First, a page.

Page last reviewed: 18/07/2014

Next review due: 18/07/2016


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The 4 comments posted are personal views. Any information they give has not been checked and may not be accurate.

nikishah123 said on 09 June 2014

hi,in my view the obortion time is long i have got 4 kids with 16 years old child i find out on the 31 of may that i am expecting i was shocked well Monday i was thinking and Tuesday i been to the gp they send referral to clinic and they said should be long luckily receive a call on the same day they said your appointment is booked on Friday from Wednesday i start vomiting with four kids i was coping that and still coping because on that day they just done ultrasound and give me date for Thursday the 12 of june i think people who doesn't want to keep their pregnancy why should we have to suffer and now i cant have a sip of water i didn't told my kids even they are suffering with me so please do this procedure asap

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hate1977 said on 02 February 2012

The times that u are entitle to a medical abortions are not as stated on here but each individual hospital sets there own limit for when they will do a medical abortion up to.For me this has been very upsetting after many delays i am 12 weeks have now been told i have to have a medical abortion which i am terrified about after having a awful miscarriage 5 years ago that lasted over 8 weeks and made me very poorly.I also suffer with depression and feel that the day of the medical termination will play on my mind and be very very upsetting.Making this decision has been torturing enough now this.I have a disabled son who has high needs and there is a chance i could have a another disabled child which i couldnt cope with nor could the family as a whole.They defiantly dont make these decisions very easy or comfortable when made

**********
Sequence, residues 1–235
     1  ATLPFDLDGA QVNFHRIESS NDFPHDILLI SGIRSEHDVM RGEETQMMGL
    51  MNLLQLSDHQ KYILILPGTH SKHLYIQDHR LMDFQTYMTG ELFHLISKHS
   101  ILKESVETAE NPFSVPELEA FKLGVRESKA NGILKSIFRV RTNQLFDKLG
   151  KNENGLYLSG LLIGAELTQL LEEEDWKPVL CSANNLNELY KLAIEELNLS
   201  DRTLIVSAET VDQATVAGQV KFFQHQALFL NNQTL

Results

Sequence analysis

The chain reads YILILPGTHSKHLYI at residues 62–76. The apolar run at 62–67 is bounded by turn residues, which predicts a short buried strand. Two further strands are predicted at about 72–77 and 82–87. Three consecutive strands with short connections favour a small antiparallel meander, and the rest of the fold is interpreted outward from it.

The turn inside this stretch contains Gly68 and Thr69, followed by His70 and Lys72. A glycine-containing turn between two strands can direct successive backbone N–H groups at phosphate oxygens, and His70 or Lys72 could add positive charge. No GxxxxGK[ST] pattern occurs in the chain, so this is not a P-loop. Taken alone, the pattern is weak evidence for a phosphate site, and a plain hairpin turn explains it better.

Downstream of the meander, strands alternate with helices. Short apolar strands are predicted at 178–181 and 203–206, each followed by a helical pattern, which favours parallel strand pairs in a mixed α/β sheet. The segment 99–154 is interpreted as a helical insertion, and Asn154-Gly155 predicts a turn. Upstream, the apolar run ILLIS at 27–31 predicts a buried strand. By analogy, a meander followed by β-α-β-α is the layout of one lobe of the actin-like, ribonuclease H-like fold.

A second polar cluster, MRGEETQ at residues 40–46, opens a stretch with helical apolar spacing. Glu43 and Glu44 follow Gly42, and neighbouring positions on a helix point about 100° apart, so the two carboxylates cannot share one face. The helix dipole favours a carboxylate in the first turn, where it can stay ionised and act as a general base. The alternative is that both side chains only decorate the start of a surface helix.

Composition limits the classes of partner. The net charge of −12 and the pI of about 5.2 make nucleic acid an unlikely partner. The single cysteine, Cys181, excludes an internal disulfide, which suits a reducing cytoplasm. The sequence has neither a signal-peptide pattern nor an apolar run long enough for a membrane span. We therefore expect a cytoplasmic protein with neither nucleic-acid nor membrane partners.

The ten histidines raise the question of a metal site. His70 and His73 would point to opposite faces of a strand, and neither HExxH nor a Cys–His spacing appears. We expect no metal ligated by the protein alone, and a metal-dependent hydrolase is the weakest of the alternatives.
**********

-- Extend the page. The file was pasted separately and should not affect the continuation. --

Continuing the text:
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tora terror said on 23 January 2012

I agree with Kritgal, my husband and I knew that it wasn't possible for us to have another child, for so many reasons. It took 2 days to get a Doctor's appointment just so that I could get a referral... unfortunately the referral has to be sent by post! Hello, what's wrong with email? Still waiting to hear from the clinic. In the meantime, morning sickness is setting in, and I have 3 children to try and cope with, without letting them know what's happening.
I understand that maybe it takes so long because they hope you'll change your mind in the meantime, but for people who really need this process to be speedy, it just isn't!

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Kritgal said on 28 February 2011

My abortion decision was very easy to make. The referral process took the most time. It should be easier and simpler for women to access these services.

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Northern Ireland

The 1967 Abortion Act does not extend to Northern Ireland.

Women can contact the Family Planning Association (FPA) in Northern Ireland on 0845 122 8687 for confidential counselling, information and support on all the options available.